On July 22, the new Summit Charter School, which had hoped to begin operating in Inver Grove Heights this September, announced it would no longer be open for the upcoming school year.
News of the delay coincided with the release of an investigative report by the school's authorizer, Innovative Quality Schools, which cleared a number of allegations against Summit.
The allegations — largely tied to speculation that Summit might endorse religion in the classroom — were brought to the attention of the Minnesota Department of Education in June and were forwarded on to IQS, the entity responsible for making sure Summit Charter School is operating in compliance with Minnesota laws.
Allegations issued against the school raised concern that Summit would be following in the footsteps of the now defunct Tarek ibn Ziyad Academy charter school, which operated at the same Inver Grove Heights school building until 2011. The American Civil Liberties Union of Minnesota brought TiZA to court over allegations that the school was using state funds to support Islamic practices in the classroom.
According to Summit's executive director Magdy Rabeaa, the two schools are not connected. Summit's delay, he told the Review, could be attributed to the need for a building with more space to properly implement its science, technology, engineering and mathematics educational program.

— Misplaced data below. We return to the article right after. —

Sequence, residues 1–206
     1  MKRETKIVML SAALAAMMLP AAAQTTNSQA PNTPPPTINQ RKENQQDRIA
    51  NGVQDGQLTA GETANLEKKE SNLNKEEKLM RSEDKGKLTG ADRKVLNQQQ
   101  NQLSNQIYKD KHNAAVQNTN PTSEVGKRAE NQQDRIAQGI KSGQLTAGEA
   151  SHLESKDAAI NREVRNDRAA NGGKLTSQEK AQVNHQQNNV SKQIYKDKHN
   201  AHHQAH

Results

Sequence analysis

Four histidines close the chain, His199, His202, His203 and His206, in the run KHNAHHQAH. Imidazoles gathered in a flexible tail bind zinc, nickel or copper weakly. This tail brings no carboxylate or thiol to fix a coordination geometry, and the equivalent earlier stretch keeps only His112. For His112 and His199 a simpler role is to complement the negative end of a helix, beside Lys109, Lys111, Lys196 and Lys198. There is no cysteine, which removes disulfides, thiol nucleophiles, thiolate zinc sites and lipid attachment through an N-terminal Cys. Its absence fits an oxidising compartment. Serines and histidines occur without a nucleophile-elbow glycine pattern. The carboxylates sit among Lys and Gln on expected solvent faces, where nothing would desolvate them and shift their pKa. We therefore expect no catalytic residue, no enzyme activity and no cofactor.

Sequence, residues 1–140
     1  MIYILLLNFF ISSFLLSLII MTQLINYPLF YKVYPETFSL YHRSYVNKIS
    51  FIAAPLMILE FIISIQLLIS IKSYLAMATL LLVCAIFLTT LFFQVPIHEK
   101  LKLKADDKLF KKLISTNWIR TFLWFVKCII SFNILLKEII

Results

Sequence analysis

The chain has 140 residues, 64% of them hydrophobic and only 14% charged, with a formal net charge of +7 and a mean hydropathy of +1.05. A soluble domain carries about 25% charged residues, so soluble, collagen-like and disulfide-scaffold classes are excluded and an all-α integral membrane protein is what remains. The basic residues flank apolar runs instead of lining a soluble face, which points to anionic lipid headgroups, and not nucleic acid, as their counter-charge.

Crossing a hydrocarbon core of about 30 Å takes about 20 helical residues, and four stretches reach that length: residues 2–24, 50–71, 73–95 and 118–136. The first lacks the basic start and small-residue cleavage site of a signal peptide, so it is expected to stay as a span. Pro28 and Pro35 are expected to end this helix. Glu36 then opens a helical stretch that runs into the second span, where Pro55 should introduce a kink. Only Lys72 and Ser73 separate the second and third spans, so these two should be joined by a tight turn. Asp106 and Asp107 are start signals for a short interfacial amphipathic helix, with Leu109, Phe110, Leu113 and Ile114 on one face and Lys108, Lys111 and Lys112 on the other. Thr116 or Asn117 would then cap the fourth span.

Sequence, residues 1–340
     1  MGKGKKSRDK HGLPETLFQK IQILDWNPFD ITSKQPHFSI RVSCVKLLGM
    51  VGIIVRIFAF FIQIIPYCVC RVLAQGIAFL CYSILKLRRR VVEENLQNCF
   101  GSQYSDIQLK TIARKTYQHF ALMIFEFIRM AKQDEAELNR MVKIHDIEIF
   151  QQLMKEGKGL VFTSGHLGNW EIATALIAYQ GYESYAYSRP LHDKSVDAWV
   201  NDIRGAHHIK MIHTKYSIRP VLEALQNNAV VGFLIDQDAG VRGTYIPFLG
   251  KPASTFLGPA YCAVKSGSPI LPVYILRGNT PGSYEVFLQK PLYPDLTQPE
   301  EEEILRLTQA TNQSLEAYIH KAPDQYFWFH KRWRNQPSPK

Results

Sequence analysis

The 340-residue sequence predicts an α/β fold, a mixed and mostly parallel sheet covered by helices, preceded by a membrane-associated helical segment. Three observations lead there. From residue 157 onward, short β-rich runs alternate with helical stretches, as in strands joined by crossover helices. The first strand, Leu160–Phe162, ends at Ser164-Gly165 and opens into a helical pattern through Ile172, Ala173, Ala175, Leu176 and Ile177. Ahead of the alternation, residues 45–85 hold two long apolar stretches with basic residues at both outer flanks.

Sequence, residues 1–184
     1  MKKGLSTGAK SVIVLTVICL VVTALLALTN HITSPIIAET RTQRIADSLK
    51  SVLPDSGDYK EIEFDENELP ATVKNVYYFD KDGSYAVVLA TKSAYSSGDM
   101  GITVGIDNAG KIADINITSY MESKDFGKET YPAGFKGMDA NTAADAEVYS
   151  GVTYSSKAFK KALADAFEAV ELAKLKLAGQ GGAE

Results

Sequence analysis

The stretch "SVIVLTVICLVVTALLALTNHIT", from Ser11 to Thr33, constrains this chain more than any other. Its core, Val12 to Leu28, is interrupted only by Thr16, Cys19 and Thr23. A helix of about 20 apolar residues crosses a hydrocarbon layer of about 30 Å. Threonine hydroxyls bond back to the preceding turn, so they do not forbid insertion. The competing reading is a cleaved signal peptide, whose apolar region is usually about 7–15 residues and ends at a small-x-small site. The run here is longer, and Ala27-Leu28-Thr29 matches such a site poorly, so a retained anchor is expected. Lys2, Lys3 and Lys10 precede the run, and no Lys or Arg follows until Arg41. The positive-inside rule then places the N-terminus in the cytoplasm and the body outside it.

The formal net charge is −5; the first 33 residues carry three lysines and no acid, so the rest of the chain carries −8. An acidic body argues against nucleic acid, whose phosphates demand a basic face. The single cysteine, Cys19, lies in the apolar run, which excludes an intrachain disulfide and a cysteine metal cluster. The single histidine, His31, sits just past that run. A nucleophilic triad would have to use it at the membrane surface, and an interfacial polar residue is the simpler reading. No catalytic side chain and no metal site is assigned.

After hiring the services of an attorney to vet any possible connections between Summit and TiZA — among other allegations — Tom Tapper, managing director of IQS, reported that Summit passed inspection.
"As Summit's leasing situation and federal and state revenue are currently in flux, IQS has not certified Summit as ready to open for the 2015-16 school year," Tapper wrote in the report. "Thus, IQS is working with Summit to determine the most appropriate location for its school which may not be the present Inver Grove Heights location."
Summit administrators had hoped to open the new charter school in a portion of the former Inver Groves Heights Elementary School at 4100 66th St. E.
Addressing each allegation, one-by-one, IQS reported that the former executive director of TiZA, Asad Zaman, has no connection to Summit.
Also, while a list of students seeking enrollment at Summit for the upcoming school year did yield a large number of traditional Muslim names, the school showed proof that recruitment efforts were targeting a diverse student population.
In terms of Summit's proposed dress code, IQS found it to be "gender neutral" and not consistent with any particular religion.
In exhausting every allegation, IQS made it clear that the complainant failed to provide them with evidence to substantiate various allegations against Rabeaa and Summit.
"We were unable to substantiate any verifiable grievances have been made against Rabeaa let alone any that evidence a violation of the Charter School Law or other law," Tapper wrote.